I've been trying to integrate these ideas for a while, with varying degrees of success, but I've lacked that key something that would make it feel like a more cohesive school experience. Then yesterday, while I was conversing with a friend about her son's progress in Boy Scouts, it hit me. Badges!

I've seen these Maker Skill Badges from Adafruit before and really liked the idea, but what if I put together my own system of badges that correspond with skills or academic units that we want to cover? Each badge will have a specific set of activities associated with it that have to be completed. Some badges, like mathematics related badges or reading related badges, will be required. Others will be chosen by me on a monthly basis and others will be chosen by the children themselves. Badges that cannot be purchased, we will make using a button maker. We'll make each of the children a wall-hanging to put over their bed to display the badges they have earned.

We have been brainstorming our lists all morning as we recover from our latest bout of sickness. Here is a sample of what we are thinking of. Some of these ideas are borrowed from the Boy Scouts, Girl Scouts or Adafruit, others are our own creation.

Car care
Fossil Hunter
Tesla Coil
Ohm's Law
Soldering (already working on)
Solar Panels
Cooking (Series of Badges)
Money Manager
Adventure (borrowed from Cub scout list)
Animal Care
Reader (Series)
Marine Biology
Faith (Series of badges)
Personal Safety
Road Safety
First Aid
Out of Your Comfort Zone
Mathematician (series of badges by skill)
Historian (series of badges by historical era)
Winter Sports/Recreation
Summer Sports/Recreation
Child Development
Spelling Star
Foreign Language (Series)
Family Camp
Fire Safety
Knife safety
Knots and ropes
Fiber Arts (series, knitting, crochet, sewing, embroidery)
Fine Arts (series, drawing, painting, sculpture)
Paper crafts
Bike Repair
Wild Life
Adventure Racing
Music (series)
World Cultures
Scientist (series)
Domestic Skills
The Great Outdoors
Jewelery making
Map Master (Geography)
Corporal Works of Mercy
Citizenship and Government
Fiction Writing
Non-fiction writing
NaNoWriMo (National Novel Writing Month)
Nature Journaling
Memory Master
Handwriting Hero
Adventure Sports/Recreation
Crafts (series)
Human Anatomy
Martial Arts
Scuba Diving

Obviously, this is quite a hodge podge of ideas, some of which will have to be sifted through, organized and sorted, but its an exciting list of learning activities that should help to get the brain juice flowing.

Tuesday, January 8, 2013

Help us Solve a Mystery!

Bella is a mystery lover, especially when the mysteries involve art. She spent a full month talking her siblings out of playing Avengers and into playing Finding the Rembrandt's Storm on the Sea of Galilee for the Isabella Stewart Gardiner Museum. If she were any less sincere, it would be unbearably pretentious. She comes by it honestly. We are art lovers in our family. My sister owns an art gallery. When she and I were homeschooled as teens we'd get our work done by noon and spend the rest of the day at the Minneapolis Institute of Art.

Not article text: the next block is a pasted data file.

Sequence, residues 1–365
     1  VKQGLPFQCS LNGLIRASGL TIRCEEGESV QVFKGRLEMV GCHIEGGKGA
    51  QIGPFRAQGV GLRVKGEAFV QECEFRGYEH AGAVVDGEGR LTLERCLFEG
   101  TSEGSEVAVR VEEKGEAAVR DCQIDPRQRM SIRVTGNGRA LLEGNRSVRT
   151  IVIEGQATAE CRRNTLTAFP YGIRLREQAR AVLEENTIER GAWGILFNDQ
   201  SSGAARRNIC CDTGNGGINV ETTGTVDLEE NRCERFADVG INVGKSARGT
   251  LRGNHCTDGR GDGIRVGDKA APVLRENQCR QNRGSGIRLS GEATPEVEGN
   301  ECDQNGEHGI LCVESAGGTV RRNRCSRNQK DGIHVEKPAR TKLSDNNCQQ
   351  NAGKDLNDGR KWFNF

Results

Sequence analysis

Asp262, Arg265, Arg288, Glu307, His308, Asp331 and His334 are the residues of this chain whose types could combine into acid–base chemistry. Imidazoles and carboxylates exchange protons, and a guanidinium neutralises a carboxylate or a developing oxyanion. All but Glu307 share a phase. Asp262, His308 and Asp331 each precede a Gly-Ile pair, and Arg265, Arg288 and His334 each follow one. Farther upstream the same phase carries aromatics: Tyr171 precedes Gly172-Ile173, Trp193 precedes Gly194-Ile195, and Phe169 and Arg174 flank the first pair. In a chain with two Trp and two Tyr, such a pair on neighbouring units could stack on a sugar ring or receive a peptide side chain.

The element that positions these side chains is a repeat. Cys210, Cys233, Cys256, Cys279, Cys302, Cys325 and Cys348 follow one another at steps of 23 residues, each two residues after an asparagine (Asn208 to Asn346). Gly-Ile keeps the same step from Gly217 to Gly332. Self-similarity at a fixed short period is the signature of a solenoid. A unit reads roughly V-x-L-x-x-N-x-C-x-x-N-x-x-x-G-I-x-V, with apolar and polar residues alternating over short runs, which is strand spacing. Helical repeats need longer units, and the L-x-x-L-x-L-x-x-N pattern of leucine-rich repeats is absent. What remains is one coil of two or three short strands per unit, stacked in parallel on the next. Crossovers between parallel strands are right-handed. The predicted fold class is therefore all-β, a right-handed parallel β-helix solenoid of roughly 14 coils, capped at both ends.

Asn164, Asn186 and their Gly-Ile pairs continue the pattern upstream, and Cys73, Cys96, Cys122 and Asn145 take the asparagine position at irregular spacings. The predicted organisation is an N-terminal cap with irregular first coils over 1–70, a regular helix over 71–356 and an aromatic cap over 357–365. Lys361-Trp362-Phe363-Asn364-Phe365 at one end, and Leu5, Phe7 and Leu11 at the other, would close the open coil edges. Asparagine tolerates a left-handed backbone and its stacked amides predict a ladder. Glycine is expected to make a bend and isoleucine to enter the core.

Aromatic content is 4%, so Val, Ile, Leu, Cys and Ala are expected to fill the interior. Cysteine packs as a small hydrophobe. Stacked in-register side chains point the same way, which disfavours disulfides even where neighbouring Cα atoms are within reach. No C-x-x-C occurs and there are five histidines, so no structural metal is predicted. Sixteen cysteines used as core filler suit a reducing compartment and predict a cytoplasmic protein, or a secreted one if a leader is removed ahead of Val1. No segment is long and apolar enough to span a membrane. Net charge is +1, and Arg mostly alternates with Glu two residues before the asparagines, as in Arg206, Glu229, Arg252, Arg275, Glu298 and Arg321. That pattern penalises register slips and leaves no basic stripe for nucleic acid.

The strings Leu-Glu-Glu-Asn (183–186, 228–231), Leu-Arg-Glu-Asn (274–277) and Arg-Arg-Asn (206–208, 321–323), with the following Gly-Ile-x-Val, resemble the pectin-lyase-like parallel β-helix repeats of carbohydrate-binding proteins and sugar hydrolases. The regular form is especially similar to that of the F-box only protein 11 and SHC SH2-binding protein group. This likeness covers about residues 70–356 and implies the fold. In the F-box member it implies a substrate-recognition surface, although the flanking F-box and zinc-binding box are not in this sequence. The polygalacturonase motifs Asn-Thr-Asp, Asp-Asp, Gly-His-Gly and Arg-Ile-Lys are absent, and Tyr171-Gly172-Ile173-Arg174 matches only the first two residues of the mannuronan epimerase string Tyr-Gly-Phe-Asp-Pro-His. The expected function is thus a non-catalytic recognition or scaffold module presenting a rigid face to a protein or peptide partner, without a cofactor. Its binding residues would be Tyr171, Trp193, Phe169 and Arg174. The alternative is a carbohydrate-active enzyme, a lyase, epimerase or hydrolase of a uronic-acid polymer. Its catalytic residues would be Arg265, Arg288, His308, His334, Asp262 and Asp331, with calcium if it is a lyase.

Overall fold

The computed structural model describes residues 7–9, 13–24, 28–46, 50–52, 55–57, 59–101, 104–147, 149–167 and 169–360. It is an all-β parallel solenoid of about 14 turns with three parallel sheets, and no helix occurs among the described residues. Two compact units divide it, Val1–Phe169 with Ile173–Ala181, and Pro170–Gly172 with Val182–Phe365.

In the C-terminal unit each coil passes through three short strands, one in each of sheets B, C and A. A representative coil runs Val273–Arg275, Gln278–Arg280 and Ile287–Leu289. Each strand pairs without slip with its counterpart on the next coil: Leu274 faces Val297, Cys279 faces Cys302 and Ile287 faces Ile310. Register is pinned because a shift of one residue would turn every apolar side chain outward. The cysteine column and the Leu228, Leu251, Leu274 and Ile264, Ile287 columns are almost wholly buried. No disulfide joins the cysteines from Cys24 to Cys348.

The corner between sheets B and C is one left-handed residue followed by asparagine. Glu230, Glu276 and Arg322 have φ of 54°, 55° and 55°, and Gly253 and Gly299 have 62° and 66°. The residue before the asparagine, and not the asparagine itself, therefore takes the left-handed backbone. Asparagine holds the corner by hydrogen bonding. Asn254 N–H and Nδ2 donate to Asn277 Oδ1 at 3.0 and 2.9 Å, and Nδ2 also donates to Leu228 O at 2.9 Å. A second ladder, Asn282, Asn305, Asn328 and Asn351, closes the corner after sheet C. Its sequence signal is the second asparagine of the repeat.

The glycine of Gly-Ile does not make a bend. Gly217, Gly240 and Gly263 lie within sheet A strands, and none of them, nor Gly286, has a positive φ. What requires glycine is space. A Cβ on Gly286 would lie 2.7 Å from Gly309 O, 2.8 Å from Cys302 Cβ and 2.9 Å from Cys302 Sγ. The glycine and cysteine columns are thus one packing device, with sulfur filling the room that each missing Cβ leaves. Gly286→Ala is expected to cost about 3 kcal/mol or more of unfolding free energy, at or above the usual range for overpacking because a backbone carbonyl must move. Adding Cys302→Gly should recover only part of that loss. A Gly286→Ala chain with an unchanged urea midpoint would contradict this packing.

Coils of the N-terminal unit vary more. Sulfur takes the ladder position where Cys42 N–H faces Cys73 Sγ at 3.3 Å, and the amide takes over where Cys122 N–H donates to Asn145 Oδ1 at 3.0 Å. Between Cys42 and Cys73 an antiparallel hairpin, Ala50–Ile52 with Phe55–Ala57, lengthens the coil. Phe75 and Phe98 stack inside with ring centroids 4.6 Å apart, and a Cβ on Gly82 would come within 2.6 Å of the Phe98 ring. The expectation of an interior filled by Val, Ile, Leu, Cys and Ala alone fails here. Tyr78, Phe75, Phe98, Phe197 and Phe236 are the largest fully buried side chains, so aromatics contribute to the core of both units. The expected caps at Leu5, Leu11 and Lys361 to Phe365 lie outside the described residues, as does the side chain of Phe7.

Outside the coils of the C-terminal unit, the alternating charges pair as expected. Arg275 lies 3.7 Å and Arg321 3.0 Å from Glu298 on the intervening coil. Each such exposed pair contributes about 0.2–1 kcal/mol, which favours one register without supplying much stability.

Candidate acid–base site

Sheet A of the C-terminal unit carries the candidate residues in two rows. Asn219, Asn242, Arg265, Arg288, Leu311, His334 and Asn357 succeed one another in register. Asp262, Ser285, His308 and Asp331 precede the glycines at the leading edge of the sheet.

That said, we are not exactly on a fine art budget here in the Griffith household, so I get most of my artwork at the Goodwill Gallery. I brought these two pictures home the other day for $5 a piece, with another $5 for the candle sconce between them. I was sick to death of looking at the bare walls and these just kind of fell into my cart. (tangentially, whenever I am thrift store shopping I'll look at the prices and think, "Are you kidding? $5! This is not Target! You're a thrift store. Price like one." Then I get home and think, "Actually, that was a pretty sweet deal.")
As we were hangning these beauties, Isabella read the back of this one, on which someone had written A Little Princess, with a bunch of numbers above and below it. (and a price, written in another hand, of $40. I guess it was a good deal.) She set about trying to find out which princess and prince these pictures could be.


We searched the internet for the name of the picture and, not surprisingly, came up with nothing but a bunch of links to Amazon selling the Frances Hodgson Burnett novel by the same name. 
Next we decided to look for the clues in the pictures. The castle in the background, for example. Windsor Castle, maybe? We're not sure, but it could be. 
We asked my dad, who thought they looked a bit like the work of Thomas Gainsborough (The Blue Boy, which we saw at the Huntington Library just last winter). 

I can see his point. We did a search on Gainsborough and discovered that he painted King George III, who had 15 children. We looked up each of his children and found nothing that convinced us one way or the other.

And then I thought, I have a whole lot of nerdball friends and family. There's someone out there who can help us with this. Any ideas? What era is the clothing? Recognize the castle? The country? The style of painting? Do a nerdy seven year old a solid and help her find the answers.